One of my favorite things about living in Western NC is that I can play outside year round. Winter is filled with open views through trees that have lost their leaves and woods quieted by snowfall. Spring brings ephemeral wildflowers, that give you new treasures to find every week. We can escape the summer heat by heading to higher elevations and playing in the many creeks, rivers, and waterfalls across our region. But fall is my favorite - warm sunny days, cool crisp nights, and ever-changing colors of the leaves on the trees. Temperatures are cool enough to bring out my favorite puffy jacket and warm socks for backpacking trips, and to really appreciate sitting around a campfire in the evenings. 

Because our area has such a wide range in elevations (1,200ft to 6,700ft within an hour drive of Asheville), we have an extended leaf season that starts in mid- to late-September and extends through mid-November. The diversity of our tree population - over 120 different species of tree - results in a rainbow of yellows, oranges, reds, purples, pinks, and browns throughout the fall. Higher elevations change color earlier, and the color moves down the mountains throughout the season. Some tree species turn earlier than others, so any given elevation may have an extended season as different tree species change.

Fall Color Forecast

Forecasting peak leaf dates is especially challenging because no one can accurately predict nature this far in advance. Color change depends on temperatures and rainfall throughout the year. It's also important to note that storms can have a significant impact on how fast leaves fall off trees. The following dates are a general guideline, but leaf color can be found outside these date ranges.

Leaf Color Map is from the Appalachian State University Biology Department, and is based on both latitude and elevation.

Late September
Peak color above 6,000ft, including Mt Mitchell and Black Balsam Knob.  While it isn't over 6,000ft, Graveyard Fields tends to change early.

First Week of October
Peak color 5,000ft - 6,000ft, including Craggy Gardens, Max Patch, and many of the peaks in Great Smoky Mountains National Park.

Second Week of October
Peak color 4,000ft - 5,000ft, including Mt Pisgah, Pinnacle Park, and Bearwallow Mountain.

Third Week of October
Peak color 3,000ft - 4,000ft, including Looking Glass Rock and Linville Gorge.  This is a great time to drive the Blue Ridge Parkway and see the leaves changing in the valleys below the many scenic overlooks.

Last Week of October
Peak color 2,000ft - 3,000ft, including Asheville, Biltmore House, and the North Carolina Arboretum.

First Week of November
Peak color 1,000ft - 2,000ft, including Lake Lure, Chimney Rock, and Dupont State Forest.

Second Week of November
Peak color at low elevation regions south of Asheville, including Gorges State Park and The Foothills Trail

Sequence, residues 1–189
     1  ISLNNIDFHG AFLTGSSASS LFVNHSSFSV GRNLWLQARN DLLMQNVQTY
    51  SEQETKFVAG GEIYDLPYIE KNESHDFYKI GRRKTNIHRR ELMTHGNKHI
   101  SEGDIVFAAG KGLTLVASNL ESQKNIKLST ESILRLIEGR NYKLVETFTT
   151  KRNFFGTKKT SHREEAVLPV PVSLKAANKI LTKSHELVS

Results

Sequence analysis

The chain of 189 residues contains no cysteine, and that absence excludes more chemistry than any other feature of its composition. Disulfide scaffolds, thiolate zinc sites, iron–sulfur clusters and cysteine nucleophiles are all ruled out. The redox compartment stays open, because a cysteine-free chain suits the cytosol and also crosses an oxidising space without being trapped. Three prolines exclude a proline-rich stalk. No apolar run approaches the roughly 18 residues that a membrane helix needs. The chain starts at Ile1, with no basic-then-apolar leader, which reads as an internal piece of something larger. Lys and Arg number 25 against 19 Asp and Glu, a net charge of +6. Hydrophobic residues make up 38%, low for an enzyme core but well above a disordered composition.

Making the Most of Your Fall Hike

Whether you're planning to hike alone or with one of our guides, there are a few things you should keep in mind before heading out for a fall hike.

  • Dress in layers. Temperatures cool off earlier in higher elevations; you can expect a decrease of 3-5 degrees for every 1,000 feet in elevation gain.  So temperatures at the highest elevations can be up to 20 degrees cooler than in Asheville. Wearing a short short sleeve shirt layered with a lightweight long sleeve and a vest/light fleece allows a wide range of comfortable temperatures. Tights with a fleece skirt is a great layering system for the bottom half of the body. Packing a warm beverage in an insulated bottle can be a good way to stay warm as well!
  • Wear bright colors. Fall is hunting season on National Forest land, so bright colors can keep you visible and safe on trail.
  • Hike early and/or on weekdays to avoid the crowds. Fall weekends are some of the busiest days both in town and on trail, as people travel to experience our beautiful fall leaves. Trailheads and roadways fill up early. We recommend and early morning or late afternoon hike if you must hike on the weekends. Weekdays are always less crowded. If you get to a trailhead and the parking is full, opt for a different hike instead of parking outside of allowed parking areas.
  • Research your hike ahead of time. Most of our trails, trailheads, and mountain roads have spotty cell signal. Download your driving directions and maps ahead of time, and be sure to check for rules about overnight parking, campfire restrictions, group size limits, etc. If you're hiking with a dog, check that dogs are allowed on the trails you'd like to hike, and be sure to follow any leash requirements. This is a good rule of thumb year round!
  • Be flexible with your hiking plans. If we have a storm that knocks leaves down early or leaves linger at higher elevations, you can adjust your plans to catch the best colors possible!


To book a trip with us this fall, visit our trip calendar, call our shop at 828-713-5451, or shoot us an email.